Further economic examples of where the Geometric Mean arises are with the United Nations "Human Development Index", which has been constructed on the basis of Geometric (rather than Arithmetic) Means since 2010; and with necessary conditions for stochastic dominance (Jean, 1980).

The Harmonic Mean is encountered less frequently then the other two averages when describing economic data, but there are some important instances where it arises or should be used. In particular, the Harmonic Mean is the appropriate average to use when dealing with data that are "rates". The classic example is fuel economy (miles per gallon, or liters per 100 Km), but economic examples also abound.

For instance, consider data on "hours worked per week" (a rate). Suppose that we have four people (sample observations), each of whom work a total of 2,000 hours. However, they work for different numbers of hours per week, as follows:

Person      Total Hours       Hours per          Weeks
                                             Week             Taken

1                  2,000                  40                   50
2                  2,000                  45                   44.4444
3                  2,000                  35                   57.142857
4                  2,000                  50                   40

Total:           8,000                                       191.587297


The Arithmetic Mean of the values in the third column is AM = 42.5 hours per week. However, notice what this value implies. Dividing the total number of weeks worked by the sample members (8,000) by this average value yields a value of 188.2353 as the total number of weeks worked by all four people.

Now look at the last column in the table above. In fact the correct value for the total number of weeks worked by sample members is 191.5873 weeks.

If we compute the Harmonic Mean for the values for Hours per Week in the third column of the table we get HM = 41.75642 hours (< AM), and dividing this number into the 8,000 hours gives us the correct result of 191.5873 for the total number of weeks worked. Here is a case where the Harmonic Mean provides the appropriate measure for the sample average.

The Harmonic Mean also arises in the stochastic dominance literature (e.g., Jean, 1984).

For simplicity, the discussion so far has been restricted to "simple", or "unweighted" mean values. Just as we're familiar with the concept of a "weighted" Arithmetic Mean, we can also construct weighted Geometric or Harmonic Means, so as to give different emphasis to different items in the sample. Letting wi denote the weight for ith sample value, we have:

  • AMw = [Σi (wixi)] / [Σi (wi)]
  • GMw = [Πi (xiwi)]1/Σi (wi)
  • HMw = [Σi (wi)] / [Σi (wi / xi)]

(Obviously, if all of the weights are equal, then we just get the simple AM, GM, and HM formulae.)

Additional economic examples of the occurrence of the Geometric and Harmonic Mean arise, in these "weighted" forms, in the construction of  index numbers (such as price indices).  Let pit and qit be the price and quantity of the ith good in period "t", and let period "0" be the base period for the index.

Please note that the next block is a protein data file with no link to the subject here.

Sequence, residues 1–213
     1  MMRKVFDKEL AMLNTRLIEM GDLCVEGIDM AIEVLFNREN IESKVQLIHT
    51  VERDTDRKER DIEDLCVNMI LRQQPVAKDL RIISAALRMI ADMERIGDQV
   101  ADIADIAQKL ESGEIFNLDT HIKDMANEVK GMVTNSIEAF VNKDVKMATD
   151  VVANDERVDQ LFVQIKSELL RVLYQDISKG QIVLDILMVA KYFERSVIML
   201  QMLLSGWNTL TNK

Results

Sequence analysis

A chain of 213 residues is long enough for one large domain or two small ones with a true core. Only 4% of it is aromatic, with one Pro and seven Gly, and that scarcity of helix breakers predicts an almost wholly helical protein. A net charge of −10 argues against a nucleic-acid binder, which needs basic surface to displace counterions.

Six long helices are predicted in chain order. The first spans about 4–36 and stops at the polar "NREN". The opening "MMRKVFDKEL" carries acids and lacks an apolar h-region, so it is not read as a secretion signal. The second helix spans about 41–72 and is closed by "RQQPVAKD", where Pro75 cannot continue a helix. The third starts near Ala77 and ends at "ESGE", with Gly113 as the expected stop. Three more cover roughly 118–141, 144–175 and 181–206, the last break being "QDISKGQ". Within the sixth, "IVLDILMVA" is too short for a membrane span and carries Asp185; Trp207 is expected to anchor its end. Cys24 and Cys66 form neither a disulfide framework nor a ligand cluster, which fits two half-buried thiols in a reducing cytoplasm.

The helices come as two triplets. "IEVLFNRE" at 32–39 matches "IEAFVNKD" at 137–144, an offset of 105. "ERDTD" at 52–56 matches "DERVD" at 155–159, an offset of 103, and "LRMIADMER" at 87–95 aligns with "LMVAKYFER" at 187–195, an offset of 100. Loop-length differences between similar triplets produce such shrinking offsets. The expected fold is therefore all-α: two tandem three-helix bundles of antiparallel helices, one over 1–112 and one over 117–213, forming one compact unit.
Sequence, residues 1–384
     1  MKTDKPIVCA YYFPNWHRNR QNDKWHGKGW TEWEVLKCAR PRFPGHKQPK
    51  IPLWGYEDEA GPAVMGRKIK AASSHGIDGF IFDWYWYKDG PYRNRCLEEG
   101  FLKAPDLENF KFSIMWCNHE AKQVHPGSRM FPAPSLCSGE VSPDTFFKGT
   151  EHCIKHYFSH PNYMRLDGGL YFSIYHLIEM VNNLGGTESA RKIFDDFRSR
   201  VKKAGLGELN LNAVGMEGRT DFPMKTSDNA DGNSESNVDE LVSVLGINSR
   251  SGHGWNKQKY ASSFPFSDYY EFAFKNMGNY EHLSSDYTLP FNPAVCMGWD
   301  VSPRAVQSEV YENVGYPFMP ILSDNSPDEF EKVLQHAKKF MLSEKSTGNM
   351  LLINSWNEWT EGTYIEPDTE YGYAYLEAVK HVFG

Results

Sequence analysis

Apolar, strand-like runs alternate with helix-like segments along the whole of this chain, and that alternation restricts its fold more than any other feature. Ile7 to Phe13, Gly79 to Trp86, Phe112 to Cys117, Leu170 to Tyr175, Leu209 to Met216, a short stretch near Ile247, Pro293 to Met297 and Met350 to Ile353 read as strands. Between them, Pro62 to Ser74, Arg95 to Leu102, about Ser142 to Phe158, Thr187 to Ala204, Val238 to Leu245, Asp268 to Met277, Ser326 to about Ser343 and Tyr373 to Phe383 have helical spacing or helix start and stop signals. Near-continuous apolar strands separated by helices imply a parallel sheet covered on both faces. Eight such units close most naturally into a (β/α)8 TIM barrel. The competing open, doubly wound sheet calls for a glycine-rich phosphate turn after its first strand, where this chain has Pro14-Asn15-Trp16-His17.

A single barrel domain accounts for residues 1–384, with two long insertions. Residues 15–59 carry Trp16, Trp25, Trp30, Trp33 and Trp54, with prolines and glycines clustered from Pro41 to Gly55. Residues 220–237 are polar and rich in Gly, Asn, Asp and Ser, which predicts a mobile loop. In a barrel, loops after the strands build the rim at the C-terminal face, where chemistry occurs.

Then, one sensible price index can be constructed as a Geometric Mean of "price-relatives", with base-period expenditures as the weights. The value of the index in period "t" would be:

                                PGt = [Πi (pit / pi0)pi0qi0 ]1/Σi ((pi0 qi0.

You'll also recall that Fisher's "ideal" price index is computed by taking the Geometric Mean of Laspeyres' price index, and Paasche's price index.

When we consider the Laspeyres' price index itself, it can be considered either as an weighted aggregative index, with base-period quantities as the weights, or (equivalently) as an arithmetic weighted average of "price-relatives", with base-period expenditures as the weights. Similarly, Paasche's price index is not only a weighted aggregative index, with current-period quantities as the weights, but it also a weighted arithmetic average of price-relatives, with the "mixed" expenditures, (pi0qit) as the weights.

These last two results tell us immediately that the Laspeyres' and Paasche's price indices are likely to exhibit some sort of "distortion" - as indeed, they do. Price-relatives are ratios, so Geometric means, rather than Arithmetic means should be used.

Further, Paasche's price index can also be written in the form of an Harmonic Mean. The usual (aggregative) form of the index is:

                              PPt = [Σi (pitqit)] / [Σi (pi0qit)],

which can also be written as the Harmonic Mean of price-relatives, with current-period expenditures as the weights:

                        PPt = {[Σi((pitqit)(pi0 / pit))] / [Σi(pitqit)]}-1 .
                         

Now, to round things up, let's return to the matter of the rankings of the values of each of three means, when applied to the same set of positive data.

First, consider the ranking of the AM and GM, and for simplicity let's just take the case where there are only two different values, x1 and x2. (We know already that if x1 = x2, then AM = GM.)

So, we have

        (x1 - x2) ≠ 0,

which implies that

        (x1 - x2)2 >  0,
or,
        x12 - 2x1x2 + x22 > 0.

Adding 4x1x2 to both sides, we have

        x12 + 2x1x2 + x22 > 4x1x2
or,
        (x1 + x2)2 > 4x1x2

or,

        [(x1 + x2) / 2]2 > x1x2.

Finally, this implies that [(x1 + x2) /2] > (x1x2)(1/2).

That is, AM > GM. 

You'll find various proofs that AM > GM in the general case, here.

Now, what about the ranking of the Harmonic and Geometric Means? In this case we can deal with the general case on n sample values, not all equal in value quite easily. We begin by using the result that we just established, namely that AM > GM, or

         [(x1 + x2 + .... + xn) / n]  > (x1x2......xn)(1/n).

Applying this result to the reciprocals of the data, we immediately have:

        [(1/x1) + (1/x2) + ... + (1/xn)] / n  > [(1/x1)(1/x2)....(1/xn)](1/n),